By Felicia Vinces, Lower School Director, and Rebecca Boswell, Lower School Math Curriculum Coordinator
Approach and Philosophy at Wheeler
by Felicia Vinces, Lower School Director
If you ask some adults about their experiences in math class growing up, you may get a mixed-bag of responses ranging from groans and grunts to squeals and boasts. Math classes in the Wheeler Lower School aim to incorporate rich activity and collaborative problem solving so kids find the wonder and curiosity of math rather than drudgery. When students inevitably ask, “When will I ever use this?”, a teacher knows that math is about problem-solving and as such can be applied easily to real-life situations. The nuances of understanding and visualizing a math scenario is the foundation to being able to develop and sequence a plan to solve that problem. Therein lies the real-life application. Of course, one will sometimes encounter a problem that doesn’t appear like the others seen before, but that is where the magic begins.
Author/educator Jo Boaler of Stanford’s Graduate School of Education, says, “Mathematics will help [students] in their lives, not because they will see the same types of problems in the real world but because they are learning to think quantitatively and abstractly and developing an inquiry relationship with math.” To develop an inquiry relationship means to wonder about the possibilities. To wonder also means to be comfortable knowing that you may not arrive at just the right spot of understanding each and every time. As Mathematics teachers ourselves, each of us appreciate how Wheeler develops young mathematicians who not only do math, but who understand that math is more than calculations and computations. Math is a way to flex their brain muscles by building resilience and new pathways to understanding through a growth mindset.
A Case in Point: 100th Day of School Celebration
by Rebecca Boswell, Lower School Math Curriculum Coordinator
What do Super Bowl LIV and a Wheeler math class have in common? Shakira! While parents may know Shakira for her hit, “Hips Don’t Lie,” Lower Schoolers know her better for, “Try Everything” from the popular movie, Zootopia. The song is brilliant — catchy, dancible, a great sing-along. Put it on your playlist and pay attention to the words. In this one song, Shakira manages to repeat messages about having a growth mindset over and over again:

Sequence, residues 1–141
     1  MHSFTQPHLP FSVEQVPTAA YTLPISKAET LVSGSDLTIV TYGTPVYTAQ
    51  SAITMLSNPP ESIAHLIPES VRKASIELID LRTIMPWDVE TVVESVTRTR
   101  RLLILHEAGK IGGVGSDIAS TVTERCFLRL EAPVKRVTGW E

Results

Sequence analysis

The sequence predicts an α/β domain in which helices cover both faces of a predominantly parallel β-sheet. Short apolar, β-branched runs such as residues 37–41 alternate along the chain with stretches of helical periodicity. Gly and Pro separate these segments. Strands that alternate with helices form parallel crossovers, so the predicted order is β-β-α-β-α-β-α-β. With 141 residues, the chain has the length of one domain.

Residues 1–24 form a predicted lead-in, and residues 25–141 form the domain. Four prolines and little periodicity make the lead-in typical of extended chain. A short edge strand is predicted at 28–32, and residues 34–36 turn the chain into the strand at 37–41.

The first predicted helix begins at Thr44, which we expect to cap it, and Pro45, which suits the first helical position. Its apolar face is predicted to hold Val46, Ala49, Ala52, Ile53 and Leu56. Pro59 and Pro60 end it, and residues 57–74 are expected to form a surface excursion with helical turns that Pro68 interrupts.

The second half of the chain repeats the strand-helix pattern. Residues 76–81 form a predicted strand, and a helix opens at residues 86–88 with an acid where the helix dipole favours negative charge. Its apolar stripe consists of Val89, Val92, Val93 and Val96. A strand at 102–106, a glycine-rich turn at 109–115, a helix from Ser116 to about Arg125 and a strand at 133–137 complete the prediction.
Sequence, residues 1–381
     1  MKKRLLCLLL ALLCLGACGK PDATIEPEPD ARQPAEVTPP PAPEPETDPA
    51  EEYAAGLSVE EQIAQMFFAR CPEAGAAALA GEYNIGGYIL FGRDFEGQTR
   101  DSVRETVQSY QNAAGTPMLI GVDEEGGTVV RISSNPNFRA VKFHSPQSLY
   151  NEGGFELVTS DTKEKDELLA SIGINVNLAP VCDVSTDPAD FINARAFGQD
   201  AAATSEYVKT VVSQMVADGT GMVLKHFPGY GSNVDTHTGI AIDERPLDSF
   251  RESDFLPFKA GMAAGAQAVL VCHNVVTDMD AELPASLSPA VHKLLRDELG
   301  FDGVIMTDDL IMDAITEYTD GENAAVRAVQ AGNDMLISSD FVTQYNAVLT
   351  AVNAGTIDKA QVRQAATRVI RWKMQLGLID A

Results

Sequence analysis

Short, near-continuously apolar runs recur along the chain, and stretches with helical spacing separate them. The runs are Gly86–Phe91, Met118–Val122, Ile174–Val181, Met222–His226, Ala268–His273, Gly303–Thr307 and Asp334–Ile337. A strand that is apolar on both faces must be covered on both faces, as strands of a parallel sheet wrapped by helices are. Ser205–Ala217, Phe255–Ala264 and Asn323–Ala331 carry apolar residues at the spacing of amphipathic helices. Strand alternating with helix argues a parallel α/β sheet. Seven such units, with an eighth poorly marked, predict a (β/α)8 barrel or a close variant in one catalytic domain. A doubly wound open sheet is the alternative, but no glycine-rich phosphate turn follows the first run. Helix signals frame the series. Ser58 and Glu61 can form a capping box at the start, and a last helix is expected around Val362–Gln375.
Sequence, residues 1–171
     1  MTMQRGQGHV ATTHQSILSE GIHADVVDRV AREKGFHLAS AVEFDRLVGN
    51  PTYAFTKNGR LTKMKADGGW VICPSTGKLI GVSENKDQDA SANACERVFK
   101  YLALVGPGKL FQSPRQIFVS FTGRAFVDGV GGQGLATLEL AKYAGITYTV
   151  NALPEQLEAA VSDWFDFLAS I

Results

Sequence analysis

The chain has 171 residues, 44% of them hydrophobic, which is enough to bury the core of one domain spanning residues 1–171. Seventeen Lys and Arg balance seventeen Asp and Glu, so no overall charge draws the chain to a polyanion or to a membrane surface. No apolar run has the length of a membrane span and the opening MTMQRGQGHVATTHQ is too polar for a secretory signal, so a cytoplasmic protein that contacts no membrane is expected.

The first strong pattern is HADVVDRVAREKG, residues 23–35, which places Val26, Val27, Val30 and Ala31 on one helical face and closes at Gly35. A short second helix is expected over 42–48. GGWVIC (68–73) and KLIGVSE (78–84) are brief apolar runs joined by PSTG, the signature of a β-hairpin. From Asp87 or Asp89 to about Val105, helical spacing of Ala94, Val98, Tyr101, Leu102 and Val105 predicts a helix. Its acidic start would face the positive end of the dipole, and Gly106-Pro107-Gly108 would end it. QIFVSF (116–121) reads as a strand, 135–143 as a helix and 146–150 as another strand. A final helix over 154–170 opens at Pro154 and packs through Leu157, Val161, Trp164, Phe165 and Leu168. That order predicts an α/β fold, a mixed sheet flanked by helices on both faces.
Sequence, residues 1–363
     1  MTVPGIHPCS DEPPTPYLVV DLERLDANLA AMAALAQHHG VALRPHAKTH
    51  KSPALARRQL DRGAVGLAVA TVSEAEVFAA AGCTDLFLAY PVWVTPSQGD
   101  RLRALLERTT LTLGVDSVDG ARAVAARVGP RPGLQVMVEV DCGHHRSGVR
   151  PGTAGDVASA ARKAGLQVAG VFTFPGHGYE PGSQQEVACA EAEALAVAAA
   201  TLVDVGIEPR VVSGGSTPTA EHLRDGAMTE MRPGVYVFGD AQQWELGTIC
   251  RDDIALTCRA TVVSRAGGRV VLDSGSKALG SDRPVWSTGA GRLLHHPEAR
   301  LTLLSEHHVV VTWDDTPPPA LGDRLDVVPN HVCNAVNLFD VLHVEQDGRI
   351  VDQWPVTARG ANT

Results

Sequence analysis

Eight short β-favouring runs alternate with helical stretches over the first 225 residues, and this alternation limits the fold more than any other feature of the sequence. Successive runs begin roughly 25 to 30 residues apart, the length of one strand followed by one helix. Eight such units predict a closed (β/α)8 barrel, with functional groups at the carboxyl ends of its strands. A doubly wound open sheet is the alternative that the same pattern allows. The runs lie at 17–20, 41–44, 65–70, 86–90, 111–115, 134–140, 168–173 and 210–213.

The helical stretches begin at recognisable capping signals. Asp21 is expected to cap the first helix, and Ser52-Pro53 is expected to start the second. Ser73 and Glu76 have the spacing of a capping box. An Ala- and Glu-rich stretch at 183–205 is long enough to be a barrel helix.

I won’t give up, no I won’t give in
Till I reach the end
And then I’ll start again
No, I won’t leave
I wanna try everything
I wanna try even though I could fail
The National Research Council, a non-profit group whose work helps shape and inform policies and public opinion related to math and sciences, describes thinking about mathematical proficiency as being similar to five strands in a rope: adaptive reasoning, strategic competence, conceptual understanding, procedural fluency and productive disposition.
Encouraging students to have a “productive disposition” in the Lower School is all about infusing math lessons with a spirit of fun and giving regular reminders that mathematical thinking requires resilience.
On February 20th, in Grades N-2, Wheeler Lower School celebrated the 100th Day of School at Community Meeting in a joyful display of student learning. Students in First Grade (most in costumes) presented their unit of study on the number 100. They celebrated a place value milestone and grappled with one of life’s profound questions: What will I be like when I am one hundred years old? And then, the future centenarians jammed out to “Try Everything!” Pre-Kindergarten students showed the audience how to count by tens to 100 while building a colorful centipede. Then the entire Lower School and guests warmed up for the day with ten exercises in sets of ten. Whew!
The song and the spirit of the day’s celebration captured the “productive disposition” of math learning in Wheeler’s Lower School.
Growing Minds is the periodic blog about Grades Nursery – 8 at Wheeler.